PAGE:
Congress Should Consider Alternatives to Mandatory Paid Sick Leave

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Congress Should Consider Alternatives to Mandatory Paid Sick Leave

May 15, 2007 6 min read Download Report
James Sherk
James Sherk
Research Fellow, Labor Economics
As research fellow in labor economics at The Heritage Foundation, James Sherk researched ways to promote competition and mobility.

The Healthy Families Act (HFA, S. 910), sponsored by Senator Ted Kennedy (D-MA), would require businesses with 15 or more employees to provide mandatory paid sick leave. While the law should help workers taking time off when they or a family member needs medical care, a paid sick leave mandate would lead to wage cuts, forcing workers to take their pay in the form of sick leave whether they want to or not. Congress could better meet the goals of the Healthy Family Act by providing tax relief, creating sick leave savings accounts, and allowing workers to bank compensatory time to use for sick leaves. These policies would give workers, rather than employers, control over how they receive their earnings and take time off work.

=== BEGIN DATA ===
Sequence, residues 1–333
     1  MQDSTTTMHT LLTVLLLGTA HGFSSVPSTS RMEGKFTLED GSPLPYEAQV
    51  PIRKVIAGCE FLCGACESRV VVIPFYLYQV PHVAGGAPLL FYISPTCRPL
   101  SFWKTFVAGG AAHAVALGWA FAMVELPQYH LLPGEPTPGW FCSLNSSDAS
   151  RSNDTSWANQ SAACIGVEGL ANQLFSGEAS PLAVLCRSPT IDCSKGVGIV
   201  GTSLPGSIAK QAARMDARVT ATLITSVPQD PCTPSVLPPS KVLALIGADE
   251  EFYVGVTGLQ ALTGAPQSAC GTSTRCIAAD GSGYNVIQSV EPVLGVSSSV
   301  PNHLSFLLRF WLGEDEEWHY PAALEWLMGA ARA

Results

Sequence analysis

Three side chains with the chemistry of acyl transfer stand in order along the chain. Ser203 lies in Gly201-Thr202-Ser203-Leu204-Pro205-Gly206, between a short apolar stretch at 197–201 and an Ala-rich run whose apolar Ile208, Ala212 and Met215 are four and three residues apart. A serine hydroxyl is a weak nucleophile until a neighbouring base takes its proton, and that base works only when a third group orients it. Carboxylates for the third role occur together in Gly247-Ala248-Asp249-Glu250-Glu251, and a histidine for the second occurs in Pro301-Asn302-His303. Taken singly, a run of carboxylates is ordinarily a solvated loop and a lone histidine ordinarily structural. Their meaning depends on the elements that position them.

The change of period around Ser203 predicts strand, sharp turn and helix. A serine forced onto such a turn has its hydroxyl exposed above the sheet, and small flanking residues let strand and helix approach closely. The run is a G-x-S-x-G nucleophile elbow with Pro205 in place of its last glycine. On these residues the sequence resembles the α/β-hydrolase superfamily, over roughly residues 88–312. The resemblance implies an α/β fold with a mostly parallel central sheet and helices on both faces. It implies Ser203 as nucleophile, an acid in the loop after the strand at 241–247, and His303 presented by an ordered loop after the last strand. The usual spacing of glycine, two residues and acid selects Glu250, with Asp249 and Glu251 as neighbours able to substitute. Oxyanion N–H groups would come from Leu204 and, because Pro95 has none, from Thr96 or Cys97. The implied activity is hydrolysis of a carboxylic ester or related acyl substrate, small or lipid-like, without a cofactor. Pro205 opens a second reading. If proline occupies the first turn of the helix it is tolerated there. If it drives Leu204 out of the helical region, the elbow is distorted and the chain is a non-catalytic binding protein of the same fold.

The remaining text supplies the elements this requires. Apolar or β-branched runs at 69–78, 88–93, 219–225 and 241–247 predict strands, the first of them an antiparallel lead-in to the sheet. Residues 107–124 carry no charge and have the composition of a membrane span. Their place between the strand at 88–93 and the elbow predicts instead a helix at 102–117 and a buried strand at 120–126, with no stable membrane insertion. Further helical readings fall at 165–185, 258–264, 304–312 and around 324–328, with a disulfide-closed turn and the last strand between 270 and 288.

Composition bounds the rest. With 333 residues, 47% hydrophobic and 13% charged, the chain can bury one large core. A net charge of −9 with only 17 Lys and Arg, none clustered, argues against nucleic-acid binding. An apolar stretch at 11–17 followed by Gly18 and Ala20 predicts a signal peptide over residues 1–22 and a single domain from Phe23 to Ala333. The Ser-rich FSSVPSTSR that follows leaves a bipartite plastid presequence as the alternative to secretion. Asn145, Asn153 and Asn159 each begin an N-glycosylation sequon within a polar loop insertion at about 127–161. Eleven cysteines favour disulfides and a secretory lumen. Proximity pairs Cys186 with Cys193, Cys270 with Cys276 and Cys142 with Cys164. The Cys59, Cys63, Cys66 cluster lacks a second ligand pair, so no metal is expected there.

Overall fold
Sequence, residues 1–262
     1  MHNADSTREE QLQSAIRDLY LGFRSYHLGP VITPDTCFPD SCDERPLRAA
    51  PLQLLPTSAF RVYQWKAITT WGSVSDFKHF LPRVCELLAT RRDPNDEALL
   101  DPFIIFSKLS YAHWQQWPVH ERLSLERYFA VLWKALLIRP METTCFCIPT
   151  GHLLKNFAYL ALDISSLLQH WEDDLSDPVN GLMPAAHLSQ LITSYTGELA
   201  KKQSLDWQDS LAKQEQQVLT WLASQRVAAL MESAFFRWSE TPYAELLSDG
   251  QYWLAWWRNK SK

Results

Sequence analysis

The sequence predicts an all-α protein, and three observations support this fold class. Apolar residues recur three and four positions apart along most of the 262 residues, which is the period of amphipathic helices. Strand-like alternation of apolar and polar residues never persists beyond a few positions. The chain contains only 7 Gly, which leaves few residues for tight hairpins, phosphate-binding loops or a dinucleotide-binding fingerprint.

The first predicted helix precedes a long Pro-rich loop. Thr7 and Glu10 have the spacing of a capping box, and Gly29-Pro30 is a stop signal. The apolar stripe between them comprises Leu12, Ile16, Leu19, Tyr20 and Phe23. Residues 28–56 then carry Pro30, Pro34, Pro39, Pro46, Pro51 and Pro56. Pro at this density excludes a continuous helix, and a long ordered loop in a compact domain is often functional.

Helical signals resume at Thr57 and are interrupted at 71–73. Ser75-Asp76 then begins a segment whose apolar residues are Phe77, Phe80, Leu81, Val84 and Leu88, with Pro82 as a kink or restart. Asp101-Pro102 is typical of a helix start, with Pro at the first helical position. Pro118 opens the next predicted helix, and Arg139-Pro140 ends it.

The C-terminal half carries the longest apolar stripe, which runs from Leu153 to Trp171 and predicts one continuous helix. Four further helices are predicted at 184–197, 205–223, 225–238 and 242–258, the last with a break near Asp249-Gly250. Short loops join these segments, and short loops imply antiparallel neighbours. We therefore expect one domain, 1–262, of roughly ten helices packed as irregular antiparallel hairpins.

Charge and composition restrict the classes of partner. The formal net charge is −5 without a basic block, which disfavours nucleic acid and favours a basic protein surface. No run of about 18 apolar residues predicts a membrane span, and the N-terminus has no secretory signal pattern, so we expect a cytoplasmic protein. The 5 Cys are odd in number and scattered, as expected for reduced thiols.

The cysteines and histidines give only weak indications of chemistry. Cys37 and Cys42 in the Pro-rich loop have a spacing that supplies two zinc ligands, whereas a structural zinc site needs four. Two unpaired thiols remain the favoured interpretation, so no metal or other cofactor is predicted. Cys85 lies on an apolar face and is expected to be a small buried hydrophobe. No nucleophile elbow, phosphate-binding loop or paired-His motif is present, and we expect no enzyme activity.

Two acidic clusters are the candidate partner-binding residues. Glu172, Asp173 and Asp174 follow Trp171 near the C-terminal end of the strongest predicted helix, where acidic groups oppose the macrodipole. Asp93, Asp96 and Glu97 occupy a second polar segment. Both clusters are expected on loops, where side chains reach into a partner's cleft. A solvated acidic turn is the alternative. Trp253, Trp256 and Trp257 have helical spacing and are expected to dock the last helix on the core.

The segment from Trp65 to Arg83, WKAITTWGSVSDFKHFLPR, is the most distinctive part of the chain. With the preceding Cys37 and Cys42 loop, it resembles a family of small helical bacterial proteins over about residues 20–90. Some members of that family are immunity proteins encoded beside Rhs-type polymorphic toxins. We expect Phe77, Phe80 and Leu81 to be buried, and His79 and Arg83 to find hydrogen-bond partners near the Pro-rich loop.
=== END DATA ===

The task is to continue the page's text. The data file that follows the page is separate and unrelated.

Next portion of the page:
Paid Sick Leave Comes Out of Workers' Paychecks

Workers should have the flexibility to balance their work and family lives, and the law should facilitate this. Forcing companies to provide paid sick leave, however, would reduce employee control.

Eighty-two percent of employers already provide paid sick leave or another form of paid time off.[1] The Healthy Families Act (HFA) focuses on the few workers lacking this benefit who must take unpaid Family and Medical Leave Act (FMLA) leave when they fall sick. Simply requiring employers to provide paid sick leave will not make these workers better off.

When considering the cost of employing workers, employers focus on total compensation; they do not care whether workers take their pay in the form of wages or benefits. Employers currently pay their employees an average of $0.30 per hour in sick leave benefits and $1.94 per hour in all forms of paid time off.[2]